Women’s organizations continue to struggle with very, very limited access to funding. And the Global Fund for Women – it’s crazy that we’re the largest organization giving away grants in the world and all we gave away last year was $8.6 million, because we have to raise it all. Really, women deserve far, far more than that. It should be many, many times that amount. And so I think one of the major barriers to women being able to do this work is having access to the resources they need.
I think there are other issues which are related, which have to do with the whole question of organizations being given the kind of protection in terms of the role of civil society in many countries. I think for many women, just simply speaking up or mobilizing as independent organizations is very, very dangerous and really puts them into harm’s way. And so we, I think, need to do a lot more to make sure that women’s human rights defenders are protected and given the kind of space that they really need to be able to contribute to create open and democratic societies, and in many parts of the world that’s very far from the truth.
At the heart of the grant proposal
Could you run us through Global Fund’s grant-making process? Which areas generally receive the largest pool of proposals, and which areas tend to receive the most funding? How do you assess the impacts of your grants?
You can get much more of that information from our Web site. We receive about 2,500 proposals to 3,000 proposals every year. And, the bulk of those, I think the single largest group of them comes from sub-Saharan Africa. The next single largest group comes from India, I think 500 proposals come from India alone every year. Sub-Saharan African countries write to us in all different languages: in Portuguese, in French, in Amharic, in English, in Arabic.
So, we have been, I think, very responsive and particularly keen on increasing our grant-making in sub-Saharan Africa because it has been an area where women have both paid such a high price for the legacy of colonialism and the continued legacy of globalization and economic destitution. But also because women are really playing extraordinary leadership roles. I mean, women are really holding together and rebuilding countries in the aftermath of conflict.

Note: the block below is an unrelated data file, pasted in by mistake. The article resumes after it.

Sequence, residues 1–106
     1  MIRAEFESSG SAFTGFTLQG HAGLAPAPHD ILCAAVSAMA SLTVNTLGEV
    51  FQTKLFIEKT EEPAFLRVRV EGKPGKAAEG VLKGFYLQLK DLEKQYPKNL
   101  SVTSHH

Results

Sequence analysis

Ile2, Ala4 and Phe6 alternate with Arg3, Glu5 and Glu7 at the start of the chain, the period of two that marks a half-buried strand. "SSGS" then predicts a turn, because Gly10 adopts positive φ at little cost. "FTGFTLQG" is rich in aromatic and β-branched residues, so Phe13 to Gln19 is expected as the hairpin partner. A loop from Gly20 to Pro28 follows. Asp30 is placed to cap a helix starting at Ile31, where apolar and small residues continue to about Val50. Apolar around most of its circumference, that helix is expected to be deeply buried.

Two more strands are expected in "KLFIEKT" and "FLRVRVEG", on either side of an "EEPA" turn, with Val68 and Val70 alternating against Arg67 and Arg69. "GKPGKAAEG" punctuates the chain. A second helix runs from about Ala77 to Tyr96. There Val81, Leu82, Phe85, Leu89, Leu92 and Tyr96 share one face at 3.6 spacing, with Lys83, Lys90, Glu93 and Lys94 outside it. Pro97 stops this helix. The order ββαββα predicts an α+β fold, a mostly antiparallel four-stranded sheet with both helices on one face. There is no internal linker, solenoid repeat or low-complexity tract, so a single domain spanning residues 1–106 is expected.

Rwanda is a great example, Liberia is another example. And in the Democratic Republic of Congo, although we hear about the terrible news about women and girls being raped as victims in this terrible conflict, what we don’t hear so much is that women are also at the forefront of challenging this cultural impunity and militarized violence. Congolese women are really setting a very, very impressive bar for people in other conflict areas by really tracking down and identifying the flow of arms and challenging the governments to really stand up for what they say they’re going to do.
Our process is that we have an international staff which has a very diverse set of languages and then they review the proposals that come in, and then we in turn send them back out into the communities that we work in, because a very, very large number of our advisers are based in the countries where we work. So we actually send information back out into those countries and ask people on the ground to say: What do you know about this group? Are they doing what they say they are doing? How are they doing it? Can you find out more about it for us?